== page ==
While most people can easily understand Alabama’s proposed anti-abortion law as an attempt to control women’s bodies and to provoke a judicial response to Roe v. Wade, other aspects of the law and response to it are equally disturbing.
As a proponent of the law argued recently, women shouldn’t be punished for having an abortion, just the doctors who perform them. When asked why women wouldn’t be punished as well for what he had just called a “homicide,” he responded that women aren’t responsible because they have been influenced by others to make this decision and so basically it wasn’t a choice. Abortion is really about exploiting women, he said.
There are two problematic views of women behind this claim.
First, the idea that abortion exploits women rests on the belief that women are easily duped by others and need others to make decisions for them. The notion that women don’t know their own minds or can’t act in their own interests has long historical roots and spills over into many aspects of life even today.
While only Saudi Arabia continues overtly patriarchal guardianship laws, the West also has a long history of treating women as legal children. According to this worldview, women who have abortions are victims of someone else’s trickery and need to be rescued because they can’t choose something as heinous as abortion.
The argument is ironically similar to radical feminist arguments against sex work. A woman could never choose something so awful so she must have been coerced, forced, or deluded into it. The doctor, then, must be at fault for convincing the weak-minded woman.
The interviewee from Alabama even spoke about the “industry” of abortion providers that preys upon desperate women, exploiting and profiting from their desperation. Because clearly, he inferred, only someone desperate would choose to have an abortion, rather than give the child up for adoption to an equally desperate couple who wants to adopt.
Bodily Integrity and Autonomy
This leads to the second, and even more damaging, problem for women. In the famous words of philosopher Martha Nussbaum, treating a woman as the means to someone else’s ends (forcing a woman to go through with a pregnancy so that another person can adopt a child), also has a long and destructive history.
We can’t imagine forcing men, for example, to undergo vasectomies – that would be a violation of their bodily integrity, but we can somehow imagine forcing women to bear children they don’t want – because women’s bodily autonomy is not so important.
And as the interviewee basically said, what’s the big deal? We don’t have the same stigma about unwed motherhood as we used to, and a lot of couples want to adopt children. There is no justification for abortion anymore, he argued. Unless, of course, you believe that all people, including women, should have full autonomy over their bodies.
Unfortunately, our society still struggles with the question of who has bodily autonomy, who doesn’t, and whose body it is. And for women, less so than for men, that autonomy is questioned. Women and girls are constantly under surveillance in terms of clothing and appearance. They are judged much more harshly than men. Women’s bodies are policed and essentially seen as public. Women in some cultures are assumed to be fair game in terms of groping and sexual harassment, for instance, because good women don’t go out in public. Dress codes, victim-blaming, and sexual double standards all have their roots in the desire to control women’s sexuality and therefore their reproduction.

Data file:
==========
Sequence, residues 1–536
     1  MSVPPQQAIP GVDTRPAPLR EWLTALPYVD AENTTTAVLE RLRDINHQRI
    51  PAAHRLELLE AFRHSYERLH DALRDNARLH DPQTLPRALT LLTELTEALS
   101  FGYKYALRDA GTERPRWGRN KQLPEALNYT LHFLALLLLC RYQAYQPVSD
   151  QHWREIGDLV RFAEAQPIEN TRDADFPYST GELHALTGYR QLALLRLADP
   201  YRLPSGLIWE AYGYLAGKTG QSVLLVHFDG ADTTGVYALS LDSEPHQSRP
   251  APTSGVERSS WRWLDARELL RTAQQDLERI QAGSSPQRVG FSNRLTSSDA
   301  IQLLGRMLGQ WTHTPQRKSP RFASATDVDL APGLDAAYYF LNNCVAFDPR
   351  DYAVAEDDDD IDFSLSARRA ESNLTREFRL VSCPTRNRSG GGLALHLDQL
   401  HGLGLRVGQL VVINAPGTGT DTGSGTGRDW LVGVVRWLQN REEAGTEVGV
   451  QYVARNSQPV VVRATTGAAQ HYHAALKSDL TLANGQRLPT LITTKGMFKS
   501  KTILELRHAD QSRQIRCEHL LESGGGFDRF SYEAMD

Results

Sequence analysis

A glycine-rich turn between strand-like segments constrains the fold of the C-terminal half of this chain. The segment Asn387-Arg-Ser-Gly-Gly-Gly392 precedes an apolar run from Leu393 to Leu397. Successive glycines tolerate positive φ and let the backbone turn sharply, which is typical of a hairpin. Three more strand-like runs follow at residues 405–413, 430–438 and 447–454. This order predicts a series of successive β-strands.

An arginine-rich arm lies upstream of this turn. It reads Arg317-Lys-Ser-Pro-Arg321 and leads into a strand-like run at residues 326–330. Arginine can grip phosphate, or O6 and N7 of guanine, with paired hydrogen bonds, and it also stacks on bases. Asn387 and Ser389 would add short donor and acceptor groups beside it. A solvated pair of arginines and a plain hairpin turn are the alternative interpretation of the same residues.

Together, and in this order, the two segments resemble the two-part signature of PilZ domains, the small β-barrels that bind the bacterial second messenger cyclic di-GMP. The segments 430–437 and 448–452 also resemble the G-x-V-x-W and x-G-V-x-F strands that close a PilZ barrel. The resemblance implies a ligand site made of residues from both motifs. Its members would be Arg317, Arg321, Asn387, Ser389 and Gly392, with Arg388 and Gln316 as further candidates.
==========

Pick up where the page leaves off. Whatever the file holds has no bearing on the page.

Stigma Against Abortion
Stigma against abortion serves the same purpose. Anti-choice activists want abortion stigmatized so that women will be reluctant to see themselves as entitled to reproductive freedom; of the right to put themselves and their needs ahead of the embryo.
With an utter lack of compassion for women who have become pregnant after rape or incest, and with an extremist view that fetal rights trump women’s rights, it is obvious at first glance that anti-abortion laws are an attempt to control women’s bodies and suppress their rights to do what they want with them. But the argument that abortion is “exploiting” women speaks to another dangerous narrative that positions women as always and forever victims. Why else do anti-choice activists presume to know why anyone makes the very personal decision to have an abortion or believe that anyone other than that individual should be able to make the decision for her?
Abortion bans aren’t just about controlling women’s bodies.
They’re about controlling women’s sexuality. Owning women.
From limiting birth control to banning comprehensive sex ed, US religious fundamentalists are working hard to outlaw sex that falls outside their theology.
— Alexandria Ocasio-Cortez (@AOC) May 16, 2019
I’ve never known a woman who was coerced into or exploited by having an abortion and none who were deluded about what they were choosing to do. Most felt tremendous relief after it was over because pregnancy and motherhood should be a choice and should never be forced upon another human being.
Rather than exploiting them, the right to abortion frees women. This is precisely what scares the right-wing critic of reproductive rights for women: for women to not be the means to someone else’s ends.Disclaimer: The views and opinions expressed here are those of the author and do not necessarily reflect the editorial position of The Globe Post.